By Juliana Texley, Innovation Collaborative Board Member and former President, National Science Teachers Association
It often takes a major event to upset the status quo and for real change to occur. The U.S. Department of Education issued its first Star Schools grants to improve and evaluate online education in 2000. While the potential of online systems was clear twenty years ago, very little innovation occurred in the pedagogy until this year. In March 2020, schools across the nation were suddenly shut down and teachers had to adopt new methods almost overnight.
Educators across the globe reached for skills and methods that they never thought they would need. Best practice couldn’t simply involve readings and worksheets or lectures via Zoom. Innovation happened! For this issue of the Innovation newsletter, we surveyed to find suggestions and links for a program near you.
Talk Isn’t Cheap
At the most basic level, nurturing innovation online begins with communication skills. That original Department of Education study twenty years ago emphasized two important elements of online interactions—open collaboration and creativity. Those elements are being reintroduced today in the best programs. One of the key ideas that teachers then and now recognize is summarized by Sharon O’Malley¹. Online discussions should be between students, not teachers and individual learners, she points out. What seems logical is, in truth, a tremendous challenge when a teacher moves from face-to-face to asynchronous online dialogue. Learning to “stop talking” online was one of the first changes teachers had to make as the transition occurred.
A second key principle of good online learning also included in O’Malley’s review, the intersection of science and the arts, is often spatial reasoning and how it is a skill that is both innate and learned. The online environment can be just as effective in discovering, manipulating, and developing spatial reasoning skills. Deborah Kris² shows that very specific methods can be incorporated to decrease gender gaps as well. Incorporating spatial reasoning tests, games, and building experiences into standard online courses can bring them to a level that could not be achieved in any other way. Unfortunately, it is awkward to incorporate spatial learning, art, and graphical analysis in many traditional online learning platforms. Therefore, the teacher may find it necessary to juggle not one but several learning management systems simultaneously. While these platforms may not be compatible, in the past several months teachers across multiple subject areas have demonstrated it is possible to deliver effective instruction through these strategies.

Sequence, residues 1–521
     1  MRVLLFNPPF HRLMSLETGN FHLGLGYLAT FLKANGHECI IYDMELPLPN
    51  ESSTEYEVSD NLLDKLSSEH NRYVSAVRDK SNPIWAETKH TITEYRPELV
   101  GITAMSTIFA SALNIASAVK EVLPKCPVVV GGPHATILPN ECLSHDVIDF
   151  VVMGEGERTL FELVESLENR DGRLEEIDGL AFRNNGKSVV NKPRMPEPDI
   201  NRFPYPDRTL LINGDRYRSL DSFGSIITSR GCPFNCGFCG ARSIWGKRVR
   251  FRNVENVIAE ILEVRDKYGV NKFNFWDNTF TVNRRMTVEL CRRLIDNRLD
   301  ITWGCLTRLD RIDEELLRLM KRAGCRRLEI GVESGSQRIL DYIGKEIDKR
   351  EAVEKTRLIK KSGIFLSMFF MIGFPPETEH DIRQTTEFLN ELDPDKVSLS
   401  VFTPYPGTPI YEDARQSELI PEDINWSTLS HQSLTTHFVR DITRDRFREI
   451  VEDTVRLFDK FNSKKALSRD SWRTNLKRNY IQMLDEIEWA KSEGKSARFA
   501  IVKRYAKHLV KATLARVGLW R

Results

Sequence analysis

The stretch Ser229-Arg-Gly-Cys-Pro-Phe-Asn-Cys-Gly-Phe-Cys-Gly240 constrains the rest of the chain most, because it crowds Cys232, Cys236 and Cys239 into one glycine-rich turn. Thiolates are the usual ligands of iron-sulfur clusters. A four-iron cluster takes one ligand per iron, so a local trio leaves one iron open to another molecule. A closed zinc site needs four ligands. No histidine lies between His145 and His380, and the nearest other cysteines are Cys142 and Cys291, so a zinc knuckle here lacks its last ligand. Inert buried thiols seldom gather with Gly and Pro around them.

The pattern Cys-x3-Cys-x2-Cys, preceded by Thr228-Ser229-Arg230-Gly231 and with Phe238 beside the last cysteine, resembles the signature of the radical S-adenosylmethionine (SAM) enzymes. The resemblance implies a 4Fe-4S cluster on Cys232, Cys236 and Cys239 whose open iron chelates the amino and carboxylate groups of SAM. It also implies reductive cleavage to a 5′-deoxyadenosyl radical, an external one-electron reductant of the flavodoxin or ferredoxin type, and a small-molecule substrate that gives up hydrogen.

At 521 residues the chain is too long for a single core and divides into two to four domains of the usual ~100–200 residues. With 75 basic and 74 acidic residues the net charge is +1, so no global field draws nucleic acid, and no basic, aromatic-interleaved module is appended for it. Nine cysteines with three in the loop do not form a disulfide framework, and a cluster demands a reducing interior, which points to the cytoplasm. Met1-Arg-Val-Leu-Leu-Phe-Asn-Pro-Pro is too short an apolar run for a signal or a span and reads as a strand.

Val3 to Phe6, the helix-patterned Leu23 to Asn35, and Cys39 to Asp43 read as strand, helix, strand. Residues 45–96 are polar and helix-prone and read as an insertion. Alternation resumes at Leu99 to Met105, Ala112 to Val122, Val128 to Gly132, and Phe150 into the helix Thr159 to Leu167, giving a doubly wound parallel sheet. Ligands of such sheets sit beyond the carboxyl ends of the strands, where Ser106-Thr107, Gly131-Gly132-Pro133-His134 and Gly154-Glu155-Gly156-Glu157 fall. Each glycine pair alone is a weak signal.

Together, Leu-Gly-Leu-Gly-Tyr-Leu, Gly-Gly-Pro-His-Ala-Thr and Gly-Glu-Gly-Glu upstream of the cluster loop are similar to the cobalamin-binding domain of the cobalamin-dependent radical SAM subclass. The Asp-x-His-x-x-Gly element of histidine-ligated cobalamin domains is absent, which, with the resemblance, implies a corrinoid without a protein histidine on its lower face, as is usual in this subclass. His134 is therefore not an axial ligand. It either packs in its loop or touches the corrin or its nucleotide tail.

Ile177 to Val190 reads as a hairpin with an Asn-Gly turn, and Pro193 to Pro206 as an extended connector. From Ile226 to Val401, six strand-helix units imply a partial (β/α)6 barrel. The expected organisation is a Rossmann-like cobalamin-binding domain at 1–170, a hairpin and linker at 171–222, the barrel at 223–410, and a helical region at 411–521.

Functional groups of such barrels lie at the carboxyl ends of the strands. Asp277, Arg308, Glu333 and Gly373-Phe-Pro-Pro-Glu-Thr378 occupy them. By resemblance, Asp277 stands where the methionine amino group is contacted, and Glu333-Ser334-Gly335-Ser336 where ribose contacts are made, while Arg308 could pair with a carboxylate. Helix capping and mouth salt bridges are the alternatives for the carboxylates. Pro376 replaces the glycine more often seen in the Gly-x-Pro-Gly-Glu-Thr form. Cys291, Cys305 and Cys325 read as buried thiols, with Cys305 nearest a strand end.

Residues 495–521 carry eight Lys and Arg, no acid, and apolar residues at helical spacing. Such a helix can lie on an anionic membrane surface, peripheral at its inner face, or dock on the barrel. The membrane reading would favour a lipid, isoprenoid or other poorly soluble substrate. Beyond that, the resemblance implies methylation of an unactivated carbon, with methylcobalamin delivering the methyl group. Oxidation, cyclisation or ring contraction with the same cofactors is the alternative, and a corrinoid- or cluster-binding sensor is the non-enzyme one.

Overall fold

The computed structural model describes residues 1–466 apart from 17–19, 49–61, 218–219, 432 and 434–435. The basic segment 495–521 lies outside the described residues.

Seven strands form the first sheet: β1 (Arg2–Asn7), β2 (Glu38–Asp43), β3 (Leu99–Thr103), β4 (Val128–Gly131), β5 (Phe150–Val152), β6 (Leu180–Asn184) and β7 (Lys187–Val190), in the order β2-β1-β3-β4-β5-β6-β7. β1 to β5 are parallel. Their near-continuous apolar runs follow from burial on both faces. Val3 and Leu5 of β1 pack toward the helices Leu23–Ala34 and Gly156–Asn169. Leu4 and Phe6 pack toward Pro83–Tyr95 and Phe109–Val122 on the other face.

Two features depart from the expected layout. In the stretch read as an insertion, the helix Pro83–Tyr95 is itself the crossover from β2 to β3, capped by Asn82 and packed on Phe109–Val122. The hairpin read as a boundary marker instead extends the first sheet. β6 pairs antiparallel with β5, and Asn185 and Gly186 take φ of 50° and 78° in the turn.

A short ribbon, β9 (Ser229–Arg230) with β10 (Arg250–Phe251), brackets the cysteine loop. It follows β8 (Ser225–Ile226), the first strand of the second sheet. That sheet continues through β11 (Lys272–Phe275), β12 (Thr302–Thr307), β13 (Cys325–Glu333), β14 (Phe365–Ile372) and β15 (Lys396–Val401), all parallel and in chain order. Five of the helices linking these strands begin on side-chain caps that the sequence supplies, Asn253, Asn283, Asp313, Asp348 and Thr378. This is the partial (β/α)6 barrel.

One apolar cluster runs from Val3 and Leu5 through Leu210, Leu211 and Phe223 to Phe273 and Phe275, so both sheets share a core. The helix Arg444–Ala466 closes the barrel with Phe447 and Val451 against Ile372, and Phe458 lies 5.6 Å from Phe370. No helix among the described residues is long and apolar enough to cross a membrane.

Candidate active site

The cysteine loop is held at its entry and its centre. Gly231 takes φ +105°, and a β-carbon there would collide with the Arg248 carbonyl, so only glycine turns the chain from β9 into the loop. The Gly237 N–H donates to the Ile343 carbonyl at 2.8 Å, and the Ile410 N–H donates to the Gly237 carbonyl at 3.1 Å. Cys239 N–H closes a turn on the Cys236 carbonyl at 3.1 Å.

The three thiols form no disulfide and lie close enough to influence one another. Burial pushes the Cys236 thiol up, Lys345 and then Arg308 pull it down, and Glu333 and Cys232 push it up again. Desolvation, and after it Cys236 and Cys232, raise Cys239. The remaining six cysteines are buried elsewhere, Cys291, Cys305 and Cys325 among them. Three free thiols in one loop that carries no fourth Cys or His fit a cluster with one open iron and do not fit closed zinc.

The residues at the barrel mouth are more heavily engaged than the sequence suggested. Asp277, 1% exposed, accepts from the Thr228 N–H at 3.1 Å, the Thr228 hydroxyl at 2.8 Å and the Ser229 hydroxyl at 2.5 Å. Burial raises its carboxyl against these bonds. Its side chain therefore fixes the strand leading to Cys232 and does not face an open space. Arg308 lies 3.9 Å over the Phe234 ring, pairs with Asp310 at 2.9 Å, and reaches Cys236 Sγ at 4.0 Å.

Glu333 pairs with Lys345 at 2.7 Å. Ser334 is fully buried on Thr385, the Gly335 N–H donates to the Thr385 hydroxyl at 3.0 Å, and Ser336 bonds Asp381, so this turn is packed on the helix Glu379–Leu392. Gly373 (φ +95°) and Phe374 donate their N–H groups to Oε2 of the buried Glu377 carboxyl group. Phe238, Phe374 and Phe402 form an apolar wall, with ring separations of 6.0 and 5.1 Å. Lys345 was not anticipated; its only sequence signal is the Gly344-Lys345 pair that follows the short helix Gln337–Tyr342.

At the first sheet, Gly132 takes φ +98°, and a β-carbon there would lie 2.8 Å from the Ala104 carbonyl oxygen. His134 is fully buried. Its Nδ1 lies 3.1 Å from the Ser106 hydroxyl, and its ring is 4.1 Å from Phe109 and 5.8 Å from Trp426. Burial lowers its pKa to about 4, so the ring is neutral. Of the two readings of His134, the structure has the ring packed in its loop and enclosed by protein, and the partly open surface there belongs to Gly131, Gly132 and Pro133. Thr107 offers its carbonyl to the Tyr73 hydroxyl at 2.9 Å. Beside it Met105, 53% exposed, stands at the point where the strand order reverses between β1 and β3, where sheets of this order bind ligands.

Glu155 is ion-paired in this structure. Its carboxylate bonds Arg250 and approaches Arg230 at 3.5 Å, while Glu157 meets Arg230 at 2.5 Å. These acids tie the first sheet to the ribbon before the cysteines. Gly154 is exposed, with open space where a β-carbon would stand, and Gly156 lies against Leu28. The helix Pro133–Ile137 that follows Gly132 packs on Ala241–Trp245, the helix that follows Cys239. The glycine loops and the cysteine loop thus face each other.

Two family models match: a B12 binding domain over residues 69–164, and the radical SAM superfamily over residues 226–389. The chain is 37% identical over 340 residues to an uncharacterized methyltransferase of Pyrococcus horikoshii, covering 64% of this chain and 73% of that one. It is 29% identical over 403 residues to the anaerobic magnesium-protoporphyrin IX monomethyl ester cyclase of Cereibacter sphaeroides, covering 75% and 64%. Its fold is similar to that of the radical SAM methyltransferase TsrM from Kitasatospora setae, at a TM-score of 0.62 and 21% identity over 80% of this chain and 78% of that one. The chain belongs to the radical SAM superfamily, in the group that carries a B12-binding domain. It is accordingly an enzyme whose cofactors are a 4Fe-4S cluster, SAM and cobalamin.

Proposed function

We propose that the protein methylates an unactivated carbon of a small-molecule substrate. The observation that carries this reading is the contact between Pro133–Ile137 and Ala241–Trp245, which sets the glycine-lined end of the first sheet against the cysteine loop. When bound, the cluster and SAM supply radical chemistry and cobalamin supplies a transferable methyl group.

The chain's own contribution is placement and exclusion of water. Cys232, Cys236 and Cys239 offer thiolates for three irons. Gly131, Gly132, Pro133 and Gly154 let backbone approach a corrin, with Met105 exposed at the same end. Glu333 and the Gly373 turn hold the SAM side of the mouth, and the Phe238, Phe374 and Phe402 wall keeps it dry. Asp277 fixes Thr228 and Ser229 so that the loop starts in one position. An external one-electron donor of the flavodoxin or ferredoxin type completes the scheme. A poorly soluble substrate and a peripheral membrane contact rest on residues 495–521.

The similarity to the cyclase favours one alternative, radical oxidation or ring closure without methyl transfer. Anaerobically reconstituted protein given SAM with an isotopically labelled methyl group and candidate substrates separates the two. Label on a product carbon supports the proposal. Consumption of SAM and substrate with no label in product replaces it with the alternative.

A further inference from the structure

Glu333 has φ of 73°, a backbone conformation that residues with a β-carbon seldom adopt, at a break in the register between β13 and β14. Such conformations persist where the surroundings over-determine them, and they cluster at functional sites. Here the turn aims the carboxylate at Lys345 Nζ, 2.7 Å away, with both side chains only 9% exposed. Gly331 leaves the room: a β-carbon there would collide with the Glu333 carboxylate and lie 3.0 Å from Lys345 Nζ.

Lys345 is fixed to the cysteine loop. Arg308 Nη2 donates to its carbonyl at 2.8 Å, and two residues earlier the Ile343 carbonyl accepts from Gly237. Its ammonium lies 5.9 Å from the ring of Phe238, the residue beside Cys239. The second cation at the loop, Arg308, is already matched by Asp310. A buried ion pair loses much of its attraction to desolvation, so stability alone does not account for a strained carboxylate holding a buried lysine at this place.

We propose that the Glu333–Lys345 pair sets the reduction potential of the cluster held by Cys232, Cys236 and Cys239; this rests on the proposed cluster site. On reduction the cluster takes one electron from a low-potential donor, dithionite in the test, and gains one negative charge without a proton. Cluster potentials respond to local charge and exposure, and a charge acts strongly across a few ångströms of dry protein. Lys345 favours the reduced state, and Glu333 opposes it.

Great Examples from the Arts and Physical Education
Students today find online arts a motivational dimension of their shared experience. But it is still rare to see these skills woven into the fabric of science and social studies courses online. This is partially true due to the limited imagination of the programmers who develop the platforms. They might remember education as it was when they were students themselves, but they haven’t necessarily considered sites and apps that can be adapted for blended learning. When teachers make the effort, innovation enriches the at-home experience. Here are just a few examples of innovative resources:
1. O’Malley, Sharon. (2017). Effective Teaching Online. https://www.insidehighered.com/digital-learning/article/2017/07/12/7-guidelines-effective-teaching-online
2. Kris, Deborah Farmer. (2015). Can Teaching Spatial Skills Help Bridge the STEM Gender Gap? https://www.kqed.org/mindshift/43802/can-teaching-spatial-skills-help-bridge-the-stem-gender-gap